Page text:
Possible Solutions

One possible explanation is that the artists, presumably themselves relatively recent immigrants to Britain from more southern or eastern locations, had remembered locally unfamiliar animals, and drew them as a hope of what they wanted to see rather than a depiction of what they could see in the local fauna. They could themselves have been migratory hunters, and spent the winter much further south or east, encountering locally unfamiliar animals there (see Pettitt, this volume). It is alternatively possible that the archaeological record on large mammals in Britain is incomplete, and that remains of bison and ibex remain to be discovered or identified. However, it seems better to argue from the best evidence available, and assume that what we currently have is a fair understanding of the large mammal fauna in Late Glacial Britain.

For the presumed engraving of bison, the alternative identiWcation of aurochs seems more likely. This is true on geographical grounds, since the current record of subfossil and recent bison distribution suggests it is unlikely to have been present in Britain in postglacial times, but aurochs is well recorded then (Table 5.1 and Yalden 1999). It is also true anatomically. The engraving shows the forwardly s-curved horns typical of aurochs, not the short laterally placed and laterally facing horns of bison, and lacks the mane and beard that characterize bison. Artistically, it looks much more like the depictions of aurochsen than of bison at such sites as Lascaux.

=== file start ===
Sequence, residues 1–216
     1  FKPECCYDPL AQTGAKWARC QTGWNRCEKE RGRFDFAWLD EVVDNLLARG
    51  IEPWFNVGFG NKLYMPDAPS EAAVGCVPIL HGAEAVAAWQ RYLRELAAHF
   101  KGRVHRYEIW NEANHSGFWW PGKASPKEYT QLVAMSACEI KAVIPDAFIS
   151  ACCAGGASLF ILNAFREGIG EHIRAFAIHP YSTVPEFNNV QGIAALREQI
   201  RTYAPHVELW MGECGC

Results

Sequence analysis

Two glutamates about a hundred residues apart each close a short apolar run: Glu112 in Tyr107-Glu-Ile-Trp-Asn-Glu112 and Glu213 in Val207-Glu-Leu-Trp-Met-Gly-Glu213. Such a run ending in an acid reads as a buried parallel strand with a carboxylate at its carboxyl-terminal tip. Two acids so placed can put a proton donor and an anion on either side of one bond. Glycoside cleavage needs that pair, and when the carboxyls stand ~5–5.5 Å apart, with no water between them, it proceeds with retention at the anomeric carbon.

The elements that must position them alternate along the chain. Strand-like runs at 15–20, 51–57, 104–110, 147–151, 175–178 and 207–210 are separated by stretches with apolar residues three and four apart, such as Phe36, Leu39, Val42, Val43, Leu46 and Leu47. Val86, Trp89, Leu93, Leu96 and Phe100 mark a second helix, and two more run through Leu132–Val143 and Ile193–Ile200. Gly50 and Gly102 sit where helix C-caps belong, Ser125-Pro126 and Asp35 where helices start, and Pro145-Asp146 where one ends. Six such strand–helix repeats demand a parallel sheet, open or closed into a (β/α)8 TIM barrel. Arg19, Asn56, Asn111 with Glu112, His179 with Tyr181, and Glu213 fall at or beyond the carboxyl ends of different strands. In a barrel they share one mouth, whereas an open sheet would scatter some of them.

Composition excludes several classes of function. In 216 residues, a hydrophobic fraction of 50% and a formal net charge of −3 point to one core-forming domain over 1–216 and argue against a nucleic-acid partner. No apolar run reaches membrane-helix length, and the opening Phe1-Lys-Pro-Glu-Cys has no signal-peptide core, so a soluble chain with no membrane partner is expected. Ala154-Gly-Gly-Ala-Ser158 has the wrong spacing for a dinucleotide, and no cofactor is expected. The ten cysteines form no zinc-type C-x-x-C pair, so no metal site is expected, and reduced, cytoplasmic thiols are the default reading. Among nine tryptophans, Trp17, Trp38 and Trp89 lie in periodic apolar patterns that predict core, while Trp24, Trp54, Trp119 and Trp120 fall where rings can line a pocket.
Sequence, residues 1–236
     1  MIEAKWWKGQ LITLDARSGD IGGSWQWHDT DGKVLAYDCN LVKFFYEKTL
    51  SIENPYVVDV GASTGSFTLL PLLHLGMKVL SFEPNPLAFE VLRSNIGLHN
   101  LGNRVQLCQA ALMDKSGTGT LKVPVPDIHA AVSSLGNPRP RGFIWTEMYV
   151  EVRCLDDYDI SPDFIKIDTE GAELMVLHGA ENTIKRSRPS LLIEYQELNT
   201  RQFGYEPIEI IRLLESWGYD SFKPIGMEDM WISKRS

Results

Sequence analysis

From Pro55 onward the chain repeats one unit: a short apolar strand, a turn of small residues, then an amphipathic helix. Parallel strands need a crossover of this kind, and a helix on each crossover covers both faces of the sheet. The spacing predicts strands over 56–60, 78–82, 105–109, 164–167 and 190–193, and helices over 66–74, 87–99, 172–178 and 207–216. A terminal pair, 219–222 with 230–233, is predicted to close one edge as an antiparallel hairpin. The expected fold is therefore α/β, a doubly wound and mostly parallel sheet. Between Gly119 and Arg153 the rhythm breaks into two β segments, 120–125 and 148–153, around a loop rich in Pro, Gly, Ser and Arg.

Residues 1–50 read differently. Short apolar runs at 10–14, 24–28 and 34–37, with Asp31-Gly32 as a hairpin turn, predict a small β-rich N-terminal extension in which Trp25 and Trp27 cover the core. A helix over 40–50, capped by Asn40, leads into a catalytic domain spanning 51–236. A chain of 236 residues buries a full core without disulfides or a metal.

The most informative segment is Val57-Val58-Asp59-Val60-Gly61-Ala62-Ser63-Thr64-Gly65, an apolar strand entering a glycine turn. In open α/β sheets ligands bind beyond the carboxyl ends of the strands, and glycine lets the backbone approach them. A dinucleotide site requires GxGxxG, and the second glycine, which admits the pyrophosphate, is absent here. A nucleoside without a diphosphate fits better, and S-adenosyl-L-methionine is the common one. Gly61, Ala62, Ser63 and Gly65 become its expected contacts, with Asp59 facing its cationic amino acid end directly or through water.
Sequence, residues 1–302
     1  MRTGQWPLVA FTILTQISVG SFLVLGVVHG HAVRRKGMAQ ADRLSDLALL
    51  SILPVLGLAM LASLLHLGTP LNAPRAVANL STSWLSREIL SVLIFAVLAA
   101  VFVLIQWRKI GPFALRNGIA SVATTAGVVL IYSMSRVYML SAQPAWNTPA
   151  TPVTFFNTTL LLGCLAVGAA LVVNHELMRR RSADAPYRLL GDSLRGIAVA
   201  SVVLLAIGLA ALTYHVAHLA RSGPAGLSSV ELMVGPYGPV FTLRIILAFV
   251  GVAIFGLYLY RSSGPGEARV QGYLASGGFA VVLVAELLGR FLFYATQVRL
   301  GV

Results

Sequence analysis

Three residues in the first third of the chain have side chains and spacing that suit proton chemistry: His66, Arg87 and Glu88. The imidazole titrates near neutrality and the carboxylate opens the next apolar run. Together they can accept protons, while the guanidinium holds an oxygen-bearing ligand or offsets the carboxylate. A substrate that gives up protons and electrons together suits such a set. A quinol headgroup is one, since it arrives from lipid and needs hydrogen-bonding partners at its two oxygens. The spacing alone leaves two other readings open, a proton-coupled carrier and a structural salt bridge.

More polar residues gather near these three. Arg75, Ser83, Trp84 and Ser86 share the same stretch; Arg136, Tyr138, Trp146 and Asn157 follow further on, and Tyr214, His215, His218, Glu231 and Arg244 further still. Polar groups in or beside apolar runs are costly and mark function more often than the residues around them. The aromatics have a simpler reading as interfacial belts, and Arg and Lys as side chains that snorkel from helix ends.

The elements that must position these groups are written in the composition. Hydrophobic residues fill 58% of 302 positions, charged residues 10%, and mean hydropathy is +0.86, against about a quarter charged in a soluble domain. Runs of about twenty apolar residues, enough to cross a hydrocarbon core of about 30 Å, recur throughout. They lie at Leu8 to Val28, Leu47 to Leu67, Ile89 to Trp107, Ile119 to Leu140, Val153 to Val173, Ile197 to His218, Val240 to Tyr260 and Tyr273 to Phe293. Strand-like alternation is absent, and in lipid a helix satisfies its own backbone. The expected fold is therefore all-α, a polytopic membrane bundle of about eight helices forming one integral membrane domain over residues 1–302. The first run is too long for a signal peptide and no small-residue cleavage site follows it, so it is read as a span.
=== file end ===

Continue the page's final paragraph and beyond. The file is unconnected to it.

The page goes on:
For the presumed ibex, alternative explanations are less easy. The simply curved, unbranched horn implies a bovid, but only one other small bovid is recorded in Late Glacial Britain: this is the saiga, a small antelope with short upright, s-curved horns in the male. The engraving does not show the s-curve, but nor does it show the beard that should characterize ibex. However, during the conference, Sergio Ripoll drew attention to what appeared to be the base of a brow tine, and the tip of that tine has since been discerned beyond a break in the engraving (P. Bahn, pers. comm.). The alternative identification of the engraving as a cervid, probably a red deer stag Cervus elaphus (the tine is simple, not palmate as in Rangifer or Megaloceros), seems to resolve the problem (see Ripoll and Munoz, this volume).


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